physicians. How to make it understandable for the human
subject? (female, research worker, 30 - 39 years old).
Other respondents wondered about the media that were used.
What are the implications of interpretation of subjective
experience? How much empathy is required to really ex-
perience another’s experience… which medium is the
most effective at expressing each case of subject matter?
(Female, researcher, 30 - 39 years old).
Still others were concerned about the impact that Under-
standing the Human Subject study will have in the medical
community and the general public.
The most important question is how this research is going
to affect/change the medical profession’s attitudes, and
possibly get to a wider audience so that the public/subjects
feel more empowered and able to question (Female, gen-
eral public, 60 - 69 years old).
How do we take the experiences and needs of the human
subjects and incorporate them into our system? How do
we ensure our system is responsive and addressing the
actual concerns of those engaged as subjects? (Female,
researcher, 30 - 39 years old).
Moving to Change Opinions and Initial Understanding
Eight respondents reported that the viewing of the artistic
performance would alter their professional practice.
All performances artistic pieces generated feelings—for
me as a research scientist, feeling strongly that I will be
different in my RA’s research assistant approach to con-
senting and explaining research (Female, researcher, re-
search ethics board member, 50 - 59 years old).
A respondent mentioned that her opinion about the lived ex-
perience of her relatives changed after attending the artistic
I further realized how my experience in the healthcare
system resonates with others. I feel I can relate further to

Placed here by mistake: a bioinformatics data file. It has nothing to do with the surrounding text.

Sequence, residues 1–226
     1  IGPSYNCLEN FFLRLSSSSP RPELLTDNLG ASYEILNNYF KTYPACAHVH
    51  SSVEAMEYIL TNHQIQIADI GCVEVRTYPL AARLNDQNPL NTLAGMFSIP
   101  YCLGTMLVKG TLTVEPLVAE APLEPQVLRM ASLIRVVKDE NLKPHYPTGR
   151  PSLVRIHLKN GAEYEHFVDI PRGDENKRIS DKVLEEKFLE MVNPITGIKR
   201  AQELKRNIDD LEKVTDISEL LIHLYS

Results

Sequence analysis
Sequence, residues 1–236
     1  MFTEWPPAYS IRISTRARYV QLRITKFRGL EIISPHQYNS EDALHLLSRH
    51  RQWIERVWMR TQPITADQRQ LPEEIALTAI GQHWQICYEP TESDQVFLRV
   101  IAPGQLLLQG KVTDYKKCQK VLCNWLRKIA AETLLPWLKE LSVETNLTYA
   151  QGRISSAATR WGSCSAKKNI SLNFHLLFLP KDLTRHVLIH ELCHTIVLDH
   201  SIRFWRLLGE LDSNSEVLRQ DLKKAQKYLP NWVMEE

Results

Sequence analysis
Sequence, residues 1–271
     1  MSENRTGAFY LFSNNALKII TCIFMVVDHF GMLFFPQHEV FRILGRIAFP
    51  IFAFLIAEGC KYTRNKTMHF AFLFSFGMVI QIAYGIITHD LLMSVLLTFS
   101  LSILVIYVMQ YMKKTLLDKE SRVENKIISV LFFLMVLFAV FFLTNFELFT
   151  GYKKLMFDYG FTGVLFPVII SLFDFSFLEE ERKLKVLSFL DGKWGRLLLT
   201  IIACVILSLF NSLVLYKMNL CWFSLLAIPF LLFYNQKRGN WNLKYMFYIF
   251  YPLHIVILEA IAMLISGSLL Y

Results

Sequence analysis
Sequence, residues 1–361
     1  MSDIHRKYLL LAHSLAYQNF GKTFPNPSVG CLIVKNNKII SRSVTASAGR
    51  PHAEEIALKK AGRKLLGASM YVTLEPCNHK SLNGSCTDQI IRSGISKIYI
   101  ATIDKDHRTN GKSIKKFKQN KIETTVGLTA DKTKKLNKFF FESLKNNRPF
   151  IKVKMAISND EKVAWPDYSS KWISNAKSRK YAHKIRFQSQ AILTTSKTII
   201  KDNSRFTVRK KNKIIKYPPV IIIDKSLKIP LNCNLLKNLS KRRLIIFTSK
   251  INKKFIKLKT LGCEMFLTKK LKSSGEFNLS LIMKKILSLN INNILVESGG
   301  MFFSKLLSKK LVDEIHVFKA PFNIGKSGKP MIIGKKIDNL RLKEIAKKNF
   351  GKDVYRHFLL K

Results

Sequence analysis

family and friends who express frustration when treated as
an unfeeling “subject” (female, scholar, 30 - 39 years old).
Laswell’s communication model (Lasswell, 1948) identifies
the five major components of a communication transmission
process. Who says what in what channel to whom with what
effect? Although very simple, Lasswell’s formula, developed at
the end of the 1940s, inspired Lavis and colleagues (2003) who
came up with a similar organizing framework designed for use
by researchers when planning knowledge dissemination strate-
Copyright © 2012 SciRes. 195
gies. What should be transferred to decision-makers? To whom
should it be transferred? By whom should research knowledge
be transferred? How should research knowledge be transferred?
With what effect should research knowledge be transferred? We
will refer to these five common elements—communicator, mes-
sage, media, audience, effect—in the analysis of our case study.
The “Communicator” (“Who”)
It is worth pointing out that audience members attributed a
high level of credibility to the one panelist in the Café who was
representative of a patients advocacy group and who was also a
health research participant. This does not mean that the other
presenters were contested or that their expertise was challenged
—not at all—but elements of the presentation of the non-re-
searcher panelist were clearly at the forefront of the responses
in the surveys, as if they weighed more. Yet, the researcher-
panelists were also the voice of the research participants in our
study. They were reporting on the accounts of the interviews
conducted within the Centring on the Human Subject project. If
credibility is a measure of perceived trustworthiness combined
with perceived expertness of a source (Hovland & Weiss, 1952),
we could suggest, then, that experiential expertise communi-
cated first-hand attracts greater attention from audience mem-
bers than more analytical descriptions of an experience deliv-
ered by intermediaries, no matter how trustworthy and com-
Also, one must know that sharing one’s own experience gen-
erates a more emotional response, in particular empathy, as this
act is linked to a positive verisimilitude assessment by the au-
dience (Boyd III, 2006). This is without the fact that the health
research participant panelist was an out-spoken individual, very
talented at communication. He delivered his presentation with
great enthusiasm, a loud tone and confidence, which also
probably contributed to increase audience member warms feel-
ings towards his talk (Thomas & Soldow, 1989). Again, this is
not to diminish the quality of the delivery performed by the
other speakers, but just to highlight that the effect of his pres-
entation on the audience members was enhanced by his per-
sonal style.